Children starting school for the first time could face being left at the gates at some schools amid differing rules over access to school grounds.
Although the Scottish Government is expected to give greater clarity about the new term next Tuesday, Covid guidance currently states that parents should not enter school buildings unless required.
In normal times, some schools allow parents to take their child right into the classroom on their first day.
When school restarts next month some mums and dads are being allowed into the playground to drop off new P1s while others are not.
There is no blanket rule and policies differ between council areas and schools.
“I’ve spoken to parents who are upset”
Now one Fife councillor is calling for blanket guidance to be issued so that parents of new primary one pupils are allowed on school grounds when dropping them off.
Julie Ford, who represents the Glenrothes West and Kinglassie ward, says she has been contacted by parents who have been left upset at the prospect of leaving their children at the school gate on their first ever day.
Fife Council has allowed schools to set their own rules for drop off and pick up times.
Ms Ford said: “I’ve spoken to parents who are upset about the situation, and quite distressed as well.
“There are also other parents that are quite angry at the situation.
“Kids have no idea what they they are going into, and for them to be either not allowed to be taken by their parents onto the school grounds or for their parents to have to choose which one takes them in, parents are quite distressed.”
A poll conducted by the SNP councillor found differing policies between primary schools in the Kingdom.
Whilst the majority are allowing one parent into the playground to drop their child off, at least five have told parents they can only drop their child off at the school gates.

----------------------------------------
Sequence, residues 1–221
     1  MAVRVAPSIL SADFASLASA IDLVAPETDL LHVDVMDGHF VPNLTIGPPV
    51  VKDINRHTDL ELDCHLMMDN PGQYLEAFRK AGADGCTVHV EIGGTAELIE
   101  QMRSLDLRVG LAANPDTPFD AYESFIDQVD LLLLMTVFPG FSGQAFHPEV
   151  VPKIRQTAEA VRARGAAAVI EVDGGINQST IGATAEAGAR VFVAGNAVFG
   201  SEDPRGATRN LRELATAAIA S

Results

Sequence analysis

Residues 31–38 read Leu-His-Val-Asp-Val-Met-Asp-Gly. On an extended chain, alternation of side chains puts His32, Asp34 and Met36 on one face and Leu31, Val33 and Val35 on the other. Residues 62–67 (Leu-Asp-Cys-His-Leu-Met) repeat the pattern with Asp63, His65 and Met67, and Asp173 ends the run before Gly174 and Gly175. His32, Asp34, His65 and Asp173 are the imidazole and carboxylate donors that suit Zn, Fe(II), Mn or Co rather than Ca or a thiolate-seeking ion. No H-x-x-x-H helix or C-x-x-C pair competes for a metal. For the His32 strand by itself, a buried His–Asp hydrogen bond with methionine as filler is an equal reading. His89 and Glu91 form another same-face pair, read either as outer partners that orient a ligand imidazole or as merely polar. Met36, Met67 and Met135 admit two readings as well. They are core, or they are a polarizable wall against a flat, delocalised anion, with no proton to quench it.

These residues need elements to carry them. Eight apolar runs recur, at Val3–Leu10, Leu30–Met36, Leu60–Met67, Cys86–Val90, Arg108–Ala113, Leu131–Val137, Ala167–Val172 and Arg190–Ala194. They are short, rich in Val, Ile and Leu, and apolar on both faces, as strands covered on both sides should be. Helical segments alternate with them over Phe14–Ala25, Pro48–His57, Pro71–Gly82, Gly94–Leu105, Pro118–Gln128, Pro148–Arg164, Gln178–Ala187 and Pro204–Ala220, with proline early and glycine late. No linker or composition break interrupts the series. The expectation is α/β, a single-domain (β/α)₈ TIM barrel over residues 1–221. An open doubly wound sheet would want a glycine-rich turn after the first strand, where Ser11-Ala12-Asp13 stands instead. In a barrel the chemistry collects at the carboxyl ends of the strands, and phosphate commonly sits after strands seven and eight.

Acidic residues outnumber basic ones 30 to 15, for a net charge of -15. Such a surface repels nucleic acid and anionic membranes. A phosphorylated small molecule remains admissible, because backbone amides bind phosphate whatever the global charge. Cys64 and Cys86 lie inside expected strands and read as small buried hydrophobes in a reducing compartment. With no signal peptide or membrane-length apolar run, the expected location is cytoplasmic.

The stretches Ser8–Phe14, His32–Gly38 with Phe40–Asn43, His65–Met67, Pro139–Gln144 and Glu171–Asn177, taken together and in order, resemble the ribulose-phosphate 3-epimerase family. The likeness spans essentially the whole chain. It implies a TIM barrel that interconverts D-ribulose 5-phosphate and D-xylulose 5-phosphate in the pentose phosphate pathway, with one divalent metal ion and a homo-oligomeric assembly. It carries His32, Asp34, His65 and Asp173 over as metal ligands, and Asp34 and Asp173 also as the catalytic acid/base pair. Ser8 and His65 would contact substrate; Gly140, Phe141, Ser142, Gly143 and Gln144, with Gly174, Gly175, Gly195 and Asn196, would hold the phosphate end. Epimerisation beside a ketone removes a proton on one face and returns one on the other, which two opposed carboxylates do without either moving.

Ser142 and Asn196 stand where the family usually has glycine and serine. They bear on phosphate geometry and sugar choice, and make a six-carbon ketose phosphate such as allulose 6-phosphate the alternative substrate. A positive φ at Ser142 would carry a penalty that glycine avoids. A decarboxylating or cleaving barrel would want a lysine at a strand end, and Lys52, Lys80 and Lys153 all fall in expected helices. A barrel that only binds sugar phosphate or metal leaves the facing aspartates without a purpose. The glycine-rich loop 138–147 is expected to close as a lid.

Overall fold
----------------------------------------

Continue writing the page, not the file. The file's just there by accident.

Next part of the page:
Ms Ford says that by allowing just one parent onto school grounds, it could unfairly impact families where the parents are separated, as well as those children with additional support needs.
She said: “The most serious issues that were thrown up in the replies that I received were about children from broken homes – which parent is the one who takes the child into the grounds?
“The other major issue brought to my attention was of a child with additional support needs who had to be left at the school gates and not allowed to be accompanied by their parent(s).
“I feel there must be a way where we can allow both parents to on the school grounds.”
Councillor Julie Ford
“I’ve been told that irrespective of the potential rule change, these policies that have been sent out to parents about drop-offs will stay in place.
“I feel there must be a way where we can allow both parents onto the school grounds for the child’s first day of school.”
Ms Ford is writing to Education Secretary Shirley-Anne Somerville this week to ask for clearer guidance ahead of the new school year.
What about Tayside?
Unlike Fife, Angus Council has a blanket policy, although this could change before the new term with national guidance.
A council spokeswoman said: “At present parents are not allowed to enter the playground due to previous Scottish Government guidance.
“For the next term, advice and risk assessments to schools will continue to reflect the most up-to-date Scottish Government guidance.
“We will review this advice when guidance for the new session is released by Scottish Government.”
Dundee City Council said it will issue advice nearer the start of term taking into consideration any updated national guidance.
The First Minister has previously said a final decision will be announced on Tuesday on Scotland’s planned move out of level 0 Covid restrictions on August 9.
This could see the removal of social distancing requirements.
What is Fife Council saying?
Executive Director of Education and Children’s Services at Fife Council, Carrie Lindsay said: “We’re looking forward to welcoming our school communities back after the summer holidays.
“As always we will be following Scottish Government and public health guidance to keep our school communities safe.
“All of our head teachers will use their own school risk assessments and national guidance to make decisions as to what will work in their own schools.
“Some schools may be able to allow a parent, or parents, access in a controlled way but it might not be possible to do this in all of our schools. We’ll keep parents informed and updated as guidance changes.”
A Scottish Government spokesperson said: “We are continuing to work with partners, including through the Covid-19 Education Recovery Group, to develop updated guidance that will support schools to reopen safely after the summer holidays.
“As part of our wider preparations for the new academic term, we will set out our plans and guidance for schools in advance of their return from the summer break.”